Just recently I have been experiencing "hickups" in my internet connections. I have about 17 devices connected Wired and Wireless at a given time in my house to Netgear R7000 which is connected to TP-Link TC-7620 cable modem. Been in my house about 2 years now and have not had any issues until recently (had physical issues when my dog chewed the cable wire outside but that was fixed and I confirmed that did not happen again!). I have done a firmware update on my Netgear (i typically don't do this often and if I do I do a full reset, then update, then reconfigure my settings) and the TP-Link doesn't seem to have any kind of updating. So I'm trying to rule out some things. But today I web managed into the TP-Link router and saw some errors in the change log. Here is what it looks like and with connection status
So i did a little googling and didn't really see what could cause this. It seems it started about a week or so ago even though there are some from today August 5th. Before that there was some things from March and earlier. I've messed with some network analyzers and things like that. One showed some packet loss but nothing crazy. This doesn't happen on a consistent basis. Very random and comes and goes. Any ideas and thoughts on this or has someone ran into this before?
Can't see your pics. Since you are a new poster, they likely need to be approved by a Forum Admin. Or you may need to make a minimum number of posts.
You could try hosting them at one of those free third-party pic hosting sites like Imgur or Photobucket and post the link to them here.
The upstream power is on the high side and it may be intermittently fluctuating even higher to out of spec levels. That can cause random disconnects, spontaneous re-booting of the modem, speed, latency, and packet loss problems.
In a self troubleshooting effort to try to obtain better connectivity / more wiggle room, check to see if there are there any excess/unneeded coax cable splitters in the line leading to the modem that can be eliminated/re-configured. Any splitters that remain should be high quality and cable rated for 5-1002 MHz, bi-directional, and no gold colored garbage types like GE, RadioShack, RCA, Philips, Leviton, Magnavox, and Rocketfish from big box stores like Home Depot, Lowes, Target, Wal-Mart etc. Splitters should be swapped with known to be good / new ones to test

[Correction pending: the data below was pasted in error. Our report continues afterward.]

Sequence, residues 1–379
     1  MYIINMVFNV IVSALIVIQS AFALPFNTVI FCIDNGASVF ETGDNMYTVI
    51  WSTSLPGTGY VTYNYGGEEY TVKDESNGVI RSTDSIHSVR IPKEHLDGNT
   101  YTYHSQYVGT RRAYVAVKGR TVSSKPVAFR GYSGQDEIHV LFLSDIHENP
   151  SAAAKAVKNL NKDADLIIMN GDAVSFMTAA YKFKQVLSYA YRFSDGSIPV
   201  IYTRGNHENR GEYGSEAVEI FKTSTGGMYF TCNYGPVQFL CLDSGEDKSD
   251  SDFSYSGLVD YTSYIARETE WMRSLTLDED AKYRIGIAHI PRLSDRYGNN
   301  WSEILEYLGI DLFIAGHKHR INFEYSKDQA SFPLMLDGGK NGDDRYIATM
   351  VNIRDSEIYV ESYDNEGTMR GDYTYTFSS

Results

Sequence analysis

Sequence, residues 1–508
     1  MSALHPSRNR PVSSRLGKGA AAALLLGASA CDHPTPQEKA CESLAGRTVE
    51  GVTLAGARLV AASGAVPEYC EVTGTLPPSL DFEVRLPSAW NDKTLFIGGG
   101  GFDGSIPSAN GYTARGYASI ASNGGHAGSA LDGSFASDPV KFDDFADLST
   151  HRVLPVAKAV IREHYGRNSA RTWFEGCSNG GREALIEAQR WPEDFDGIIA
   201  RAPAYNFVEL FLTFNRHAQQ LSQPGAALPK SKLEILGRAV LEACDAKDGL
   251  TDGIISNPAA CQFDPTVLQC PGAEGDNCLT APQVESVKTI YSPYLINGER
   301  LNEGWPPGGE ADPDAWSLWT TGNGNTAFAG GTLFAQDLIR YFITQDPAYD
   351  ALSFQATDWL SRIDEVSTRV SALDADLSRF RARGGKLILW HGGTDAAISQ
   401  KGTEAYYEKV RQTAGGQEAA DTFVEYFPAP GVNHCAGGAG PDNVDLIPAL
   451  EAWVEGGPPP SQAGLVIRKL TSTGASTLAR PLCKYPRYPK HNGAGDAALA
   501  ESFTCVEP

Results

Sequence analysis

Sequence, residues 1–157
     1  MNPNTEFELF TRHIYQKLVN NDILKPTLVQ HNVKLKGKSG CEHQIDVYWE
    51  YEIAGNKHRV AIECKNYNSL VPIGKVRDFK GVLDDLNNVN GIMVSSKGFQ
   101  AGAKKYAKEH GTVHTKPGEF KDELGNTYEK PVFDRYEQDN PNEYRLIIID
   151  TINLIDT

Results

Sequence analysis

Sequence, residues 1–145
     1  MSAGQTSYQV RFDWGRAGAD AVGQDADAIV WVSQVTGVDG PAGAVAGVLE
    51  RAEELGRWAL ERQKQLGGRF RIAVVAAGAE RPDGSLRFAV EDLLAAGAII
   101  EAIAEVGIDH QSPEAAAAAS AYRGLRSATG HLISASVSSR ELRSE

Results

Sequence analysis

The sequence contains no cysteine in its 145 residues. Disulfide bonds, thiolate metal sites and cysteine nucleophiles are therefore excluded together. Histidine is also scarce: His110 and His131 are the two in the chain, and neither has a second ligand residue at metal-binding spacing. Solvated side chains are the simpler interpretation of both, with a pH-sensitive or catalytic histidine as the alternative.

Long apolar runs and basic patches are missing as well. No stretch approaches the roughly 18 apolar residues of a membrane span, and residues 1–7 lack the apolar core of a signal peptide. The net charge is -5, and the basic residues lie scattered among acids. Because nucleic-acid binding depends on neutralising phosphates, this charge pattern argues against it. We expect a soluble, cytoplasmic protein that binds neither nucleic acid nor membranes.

If there aren't any unneeded splitters that can be eliminated and if your coax wiring setup can't be reconfigured so that there is a single two way splitter connected directly off of the drop from the street/pole with one port feeding the modem and the other port feeding the rest of the house/equipment with additional splits as needed, and you've checked all the wiring and fittings for integrity and tightness and refresh them by taking them apart then check for and clean off any corrosion / oxidation on the center wire and put them back together again, then perhaps it's best to book a tech visit to investigate and correct.
OK i'll check those splitters out - off the top of my head I think there are three. One single outside on side of house, one single in the basement, and one double in my living room (modem/cable box). I'm sure there is more at the box (which is in my backyard). Forgot that some of those splitters aren't reliable so i'll definetly try that. If not then yea sounds like a call. Thanks!
That sounds like too many without having an amp or a zero loss splitter.